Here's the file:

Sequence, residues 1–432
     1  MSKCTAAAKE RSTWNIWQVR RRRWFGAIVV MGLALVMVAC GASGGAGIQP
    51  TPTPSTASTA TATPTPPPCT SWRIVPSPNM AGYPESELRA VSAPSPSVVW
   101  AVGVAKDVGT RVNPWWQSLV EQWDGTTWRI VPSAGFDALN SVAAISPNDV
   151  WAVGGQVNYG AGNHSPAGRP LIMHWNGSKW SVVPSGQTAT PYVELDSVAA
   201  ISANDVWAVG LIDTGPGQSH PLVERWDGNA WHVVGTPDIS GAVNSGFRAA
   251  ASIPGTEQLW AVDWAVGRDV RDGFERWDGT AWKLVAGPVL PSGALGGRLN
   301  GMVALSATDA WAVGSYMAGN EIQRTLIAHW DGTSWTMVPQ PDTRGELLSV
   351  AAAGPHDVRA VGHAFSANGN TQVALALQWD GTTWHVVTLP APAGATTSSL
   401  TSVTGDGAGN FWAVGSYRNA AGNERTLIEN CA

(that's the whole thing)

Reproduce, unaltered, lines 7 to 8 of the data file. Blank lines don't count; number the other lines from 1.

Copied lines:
   251  ASIPGTEQLW AVDWAVGRDV RDGFERWDGT AWKLVAGPVL PSGALGGRLN
   301  GMVALSATDA WAVGSYMAGN EIQRTLIAHW DGTSWTMVPQ PDTRGELLSV